The matter of why Linguists see language as innate is incredibly complex. I don't think I could explain this adequately without derailing the thread. The short version is that we all have a mind that structures language in a certain way. Hence, at an early age we all have an ability to learn any language as we have the ability to structure all languages. The basic idea is that children are able to learn a language without being taught because they have innate knowledge of grammar. They just collect various words from their surroundings, yet because grammar is innate, they know how to put the words in the proper order. In other words, a child only needs to be in the presence of those who speak a language in order to learn a language. He does not need to be taught.
Some people have more talents for learning higher level math than others. Much of the higher level math relies heavily on logic. People who are talented at logic will also be talented at higher level math.
My main idea is this: although children have an innate ability to organize words, or to speak a language by putting words into a proper order, they do not have an innate ability with regard to logical reasoning that parallels this ability. Most people do not learn to use logic well until they are adults and most adults never attain proficiency with this skill. Significant errors of reasoning are common among journalists, businessmen and non-academic writers. Even scholars are known to justifiably accuse one another of committing logical fallacies.
Yes, both grammar and math are left-brained in some loose sense, as they required structured thought. However, the difference is that we have an instinct for grammar, yet we have no such instinct for math or logic. Thus, you do not have to learn the skill of structured thinking to use language in a structured manner because the ability of using a language in this way comes to all humans naturally. Learning to use logic well may help you with this, but you can accomplish this goal just fine without knowing how to use logic well.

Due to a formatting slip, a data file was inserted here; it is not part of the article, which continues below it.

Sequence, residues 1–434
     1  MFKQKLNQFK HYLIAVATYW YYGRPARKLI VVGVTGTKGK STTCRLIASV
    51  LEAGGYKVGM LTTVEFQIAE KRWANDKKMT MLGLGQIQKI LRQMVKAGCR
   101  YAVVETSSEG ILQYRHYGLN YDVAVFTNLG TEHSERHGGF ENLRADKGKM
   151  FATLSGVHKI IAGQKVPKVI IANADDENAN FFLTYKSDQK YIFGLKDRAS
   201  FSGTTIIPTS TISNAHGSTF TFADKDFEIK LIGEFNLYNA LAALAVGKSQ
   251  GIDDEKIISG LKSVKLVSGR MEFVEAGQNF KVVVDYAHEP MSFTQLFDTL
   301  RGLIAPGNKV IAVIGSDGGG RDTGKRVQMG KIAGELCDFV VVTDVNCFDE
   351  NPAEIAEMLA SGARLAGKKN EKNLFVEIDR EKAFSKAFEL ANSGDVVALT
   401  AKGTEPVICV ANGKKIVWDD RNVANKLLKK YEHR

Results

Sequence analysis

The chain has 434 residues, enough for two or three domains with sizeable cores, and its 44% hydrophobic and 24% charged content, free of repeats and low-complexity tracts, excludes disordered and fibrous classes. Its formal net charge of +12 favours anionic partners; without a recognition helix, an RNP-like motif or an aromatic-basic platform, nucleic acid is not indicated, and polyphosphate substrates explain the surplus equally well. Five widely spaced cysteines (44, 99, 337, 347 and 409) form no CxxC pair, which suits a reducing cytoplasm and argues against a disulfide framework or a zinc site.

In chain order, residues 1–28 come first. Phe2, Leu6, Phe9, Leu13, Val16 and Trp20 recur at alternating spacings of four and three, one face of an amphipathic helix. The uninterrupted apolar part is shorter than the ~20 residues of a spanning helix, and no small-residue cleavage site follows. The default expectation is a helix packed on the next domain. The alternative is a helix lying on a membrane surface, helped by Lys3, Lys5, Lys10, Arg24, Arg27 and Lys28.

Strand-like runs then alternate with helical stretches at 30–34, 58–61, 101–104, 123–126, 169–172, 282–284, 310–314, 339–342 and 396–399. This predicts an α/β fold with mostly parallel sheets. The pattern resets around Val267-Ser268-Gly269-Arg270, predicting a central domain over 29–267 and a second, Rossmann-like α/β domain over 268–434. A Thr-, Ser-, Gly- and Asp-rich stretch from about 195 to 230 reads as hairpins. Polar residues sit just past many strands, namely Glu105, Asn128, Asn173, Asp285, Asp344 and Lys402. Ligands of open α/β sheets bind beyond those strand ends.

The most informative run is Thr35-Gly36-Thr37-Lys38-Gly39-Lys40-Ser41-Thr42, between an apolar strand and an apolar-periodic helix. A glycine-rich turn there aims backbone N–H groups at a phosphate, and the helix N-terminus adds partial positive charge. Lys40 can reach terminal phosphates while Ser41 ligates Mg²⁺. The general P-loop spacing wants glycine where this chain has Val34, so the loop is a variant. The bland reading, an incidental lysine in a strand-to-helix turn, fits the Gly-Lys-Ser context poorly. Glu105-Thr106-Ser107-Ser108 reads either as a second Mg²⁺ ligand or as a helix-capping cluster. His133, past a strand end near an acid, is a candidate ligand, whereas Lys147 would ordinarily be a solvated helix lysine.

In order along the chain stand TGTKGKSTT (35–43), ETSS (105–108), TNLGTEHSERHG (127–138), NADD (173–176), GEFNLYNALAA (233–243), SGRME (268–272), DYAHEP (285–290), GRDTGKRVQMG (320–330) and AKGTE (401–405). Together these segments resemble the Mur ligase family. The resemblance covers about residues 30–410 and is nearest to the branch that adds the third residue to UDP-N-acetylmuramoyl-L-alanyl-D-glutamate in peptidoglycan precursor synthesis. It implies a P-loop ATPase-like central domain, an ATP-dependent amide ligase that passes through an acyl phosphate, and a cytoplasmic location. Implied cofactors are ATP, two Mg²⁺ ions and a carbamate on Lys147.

The bottom line is that you do not need to have a talent for logic to excel at language, as most novelists and poets are not talented at logic or higher level math.
In recapitulation: If contemporary linguists are correct to claim that much of our knowledge of grammar is innate, then we can conclude that a person does not need to have highly developed logical reasoning skills to provide the proper grammatical structure for his sentences. Thus, if we see a person whose sentences contain impeccable grammatical structure, we should not assume that he is skilled or talented at logical reasoning or any activity that highly emphasizes such reasoning.